Salt Lake City Fire Captain Michael Harp Dies in Green River Rafting Mishap

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Written By Kanisha Laing

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A Utah man who died in a rafting accident at Dinosaur National Monument in Colorado has been identified as Michael Harp, a 54-year-old veteran of the Salt Lake City Fire Department.

Harp, who had served in the department for 27 years, was on a private rafting trip with a group on the Green River in the Canyon of Lodore. Around 4 p.m. on Thursday, their boat got stuck on a rock in a rapid known as Hells Half Mile.

The U.S. National Park Service said monument staff responded and found out that Harp was missing, believed to be trapped under the raft. The group managed to free the boat, but Harp was unresponsive and drifted down the river.

Harp had been wearing a life jacket, but it was lost by the time the boat was freed. River Patrol Rangers searched for him, and his body was found about 10 river miles downstream by guides from the commercial rafting company Adrift around 7:45 a.m. on Friday.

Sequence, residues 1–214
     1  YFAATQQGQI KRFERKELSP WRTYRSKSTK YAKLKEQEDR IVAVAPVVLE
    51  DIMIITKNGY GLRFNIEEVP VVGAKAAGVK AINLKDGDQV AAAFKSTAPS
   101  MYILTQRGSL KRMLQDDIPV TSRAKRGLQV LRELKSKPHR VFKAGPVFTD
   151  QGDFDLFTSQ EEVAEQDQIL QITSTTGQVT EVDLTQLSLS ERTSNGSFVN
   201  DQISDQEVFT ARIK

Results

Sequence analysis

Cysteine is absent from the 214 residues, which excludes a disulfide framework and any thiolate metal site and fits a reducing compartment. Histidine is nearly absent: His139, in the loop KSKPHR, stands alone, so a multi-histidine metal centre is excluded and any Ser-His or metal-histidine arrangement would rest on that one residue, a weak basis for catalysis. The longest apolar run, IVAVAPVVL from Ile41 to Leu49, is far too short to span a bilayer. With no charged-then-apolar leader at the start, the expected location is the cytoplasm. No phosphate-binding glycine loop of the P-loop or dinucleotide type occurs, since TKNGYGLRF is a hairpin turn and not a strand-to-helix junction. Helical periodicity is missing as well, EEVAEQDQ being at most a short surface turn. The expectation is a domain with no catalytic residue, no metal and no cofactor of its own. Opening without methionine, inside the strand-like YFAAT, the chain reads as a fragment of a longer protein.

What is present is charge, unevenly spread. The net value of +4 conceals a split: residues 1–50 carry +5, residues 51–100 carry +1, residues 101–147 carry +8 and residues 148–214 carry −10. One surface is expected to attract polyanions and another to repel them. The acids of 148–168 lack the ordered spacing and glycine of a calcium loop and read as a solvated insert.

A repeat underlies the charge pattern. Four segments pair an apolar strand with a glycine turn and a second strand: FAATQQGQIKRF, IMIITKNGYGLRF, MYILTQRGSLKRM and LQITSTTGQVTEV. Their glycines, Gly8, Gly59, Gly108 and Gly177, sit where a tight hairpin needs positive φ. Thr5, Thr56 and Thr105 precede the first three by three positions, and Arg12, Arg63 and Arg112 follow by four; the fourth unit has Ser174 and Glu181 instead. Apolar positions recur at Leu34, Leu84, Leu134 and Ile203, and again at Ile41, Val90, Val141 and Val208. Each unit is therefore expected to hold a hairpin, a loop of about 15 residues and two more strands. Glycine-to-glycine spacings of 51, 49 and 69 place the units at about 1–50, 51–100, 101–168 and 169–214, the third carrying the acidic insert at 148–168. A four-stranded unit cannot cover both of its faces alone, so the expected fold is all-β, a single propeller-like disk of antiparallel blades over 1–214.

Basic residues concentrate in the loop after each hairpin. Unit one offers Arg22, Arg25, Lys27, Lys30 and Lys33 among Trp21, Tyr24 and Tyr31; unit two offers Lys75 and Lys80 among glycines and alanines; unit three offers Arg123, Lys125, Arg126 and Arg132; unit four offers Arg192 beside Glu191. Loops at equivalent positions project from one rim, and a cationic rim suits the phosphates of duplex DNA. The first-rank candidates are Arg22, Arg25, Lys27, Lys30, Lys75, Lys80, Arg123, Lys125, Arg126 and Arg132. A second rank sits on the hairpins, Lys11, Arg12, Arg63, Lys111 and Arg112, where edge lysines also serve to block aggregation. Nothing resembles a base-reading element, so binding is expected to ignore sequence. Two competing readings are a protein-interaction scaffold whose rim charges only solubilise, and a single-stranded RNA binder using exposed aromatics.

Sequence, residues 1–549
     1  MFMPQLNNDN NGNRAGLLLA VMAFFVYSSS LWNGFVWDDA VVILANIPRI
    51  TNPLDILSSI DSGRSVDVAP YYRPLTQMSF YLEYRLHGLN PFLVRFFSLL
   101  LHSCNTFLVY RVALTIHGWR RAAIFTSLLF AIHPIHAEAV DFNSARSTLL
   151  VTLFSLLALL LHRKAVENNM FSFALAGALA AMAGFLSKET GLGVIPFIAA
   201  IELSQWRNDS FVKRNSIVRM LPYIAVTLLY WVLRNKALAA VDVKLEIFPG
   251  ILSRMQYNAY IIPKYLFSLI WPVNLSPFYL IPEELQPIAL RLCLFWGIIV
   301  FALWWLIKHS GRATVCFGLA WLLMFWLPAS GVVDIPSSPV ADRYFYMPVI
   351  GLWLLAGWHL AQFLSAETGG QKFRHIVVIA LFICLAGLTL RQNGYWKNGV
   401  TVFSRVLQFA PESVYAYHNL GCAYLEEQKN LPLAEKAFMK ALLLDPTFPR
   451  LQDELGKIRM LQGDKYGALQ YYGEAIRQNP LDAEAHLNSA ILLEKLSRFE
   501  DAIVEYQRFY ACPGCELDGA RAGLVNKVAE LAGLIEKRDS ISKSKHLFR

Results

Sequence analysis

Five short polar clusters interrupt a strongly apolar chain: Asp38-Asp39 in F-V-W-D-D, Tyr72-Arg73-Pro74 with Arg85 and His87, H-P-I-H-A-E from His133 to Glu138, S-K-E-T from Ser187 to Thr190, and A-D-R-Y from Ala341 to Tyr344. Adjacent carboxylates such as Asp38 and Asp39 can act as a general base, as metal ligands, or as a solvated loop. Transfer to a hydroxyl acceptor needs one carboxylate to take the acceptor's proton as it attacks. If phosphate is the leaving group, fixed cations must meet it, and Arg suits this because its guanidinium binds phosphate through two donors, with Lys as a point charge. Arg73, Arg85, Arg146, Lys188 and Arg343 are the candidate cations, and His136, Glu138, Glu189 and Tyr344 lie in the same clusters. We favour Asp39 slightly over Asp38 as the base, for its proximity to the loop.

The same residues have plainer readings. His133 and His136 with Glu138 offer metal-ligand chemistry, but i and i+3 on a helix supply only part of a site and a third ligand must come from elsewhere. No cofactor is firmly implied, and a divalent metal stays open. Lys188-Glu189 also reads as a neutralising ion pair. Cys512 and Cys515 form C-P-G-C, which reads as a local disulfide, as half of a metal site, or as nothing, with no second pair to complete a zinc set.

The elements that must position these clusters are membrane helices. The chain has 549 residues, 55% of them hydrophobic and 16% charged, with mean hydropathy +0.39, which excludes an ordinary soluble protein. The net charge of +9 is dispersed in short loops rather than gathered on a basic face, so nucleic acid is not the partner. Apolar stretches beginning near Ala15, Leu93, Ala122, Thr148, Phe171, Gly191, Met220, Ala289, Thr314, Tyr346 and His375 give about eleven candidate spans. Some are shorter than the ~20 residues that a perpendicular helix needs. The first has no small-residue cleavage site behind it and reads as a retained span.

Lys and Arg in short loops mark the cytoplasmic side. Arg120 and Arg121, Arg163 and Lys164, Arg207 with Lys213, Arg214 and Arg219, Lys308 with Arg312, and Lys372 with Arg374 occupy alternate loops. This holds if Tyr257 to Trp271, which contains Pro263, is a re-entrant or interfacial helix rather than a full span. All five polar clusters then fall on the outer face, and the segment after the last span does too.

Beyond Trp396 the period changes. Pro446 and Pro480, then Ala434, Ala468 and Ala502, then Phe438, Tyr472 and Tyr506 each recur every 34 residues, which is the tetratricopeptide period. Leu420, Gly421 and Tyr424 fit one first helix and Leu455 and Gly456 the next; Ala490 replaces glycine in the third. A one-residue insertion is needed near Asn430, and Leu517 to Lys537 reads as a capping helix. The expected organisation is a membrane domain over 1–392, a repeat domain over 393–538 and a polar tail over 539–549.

Harp’s body was airlifted to the Moffat County coroner. No further details about his death were immediately available.

Harp, from Sandy, Utah, was a second-generation firefighter and served as a fire captain in the Salt Lake City Fire Department. The department noted that he had notably deployed to Ground Zero after 9/11.

“Captain Michael Harp dedicated his life to the service of not only the citizens of Salt Lake City, but also his fellow firefighters,” the department wrote in a social media post. “His legacy of service, leadership, compassion, and contagious laughter will forever be remembered by all who knew him.”

Dinosaur National Monument spans 210,000 acres across Colorado and Utah. It is famous for its preserved dinosaur fossils and attracts whitewater rafters from around the world to its Green and Yampa rivers.

At the time of the accident, the flow rates for the Canyon of Lodore section of the Green River averaged 4,700 cubic feet per second, according to the NPS.

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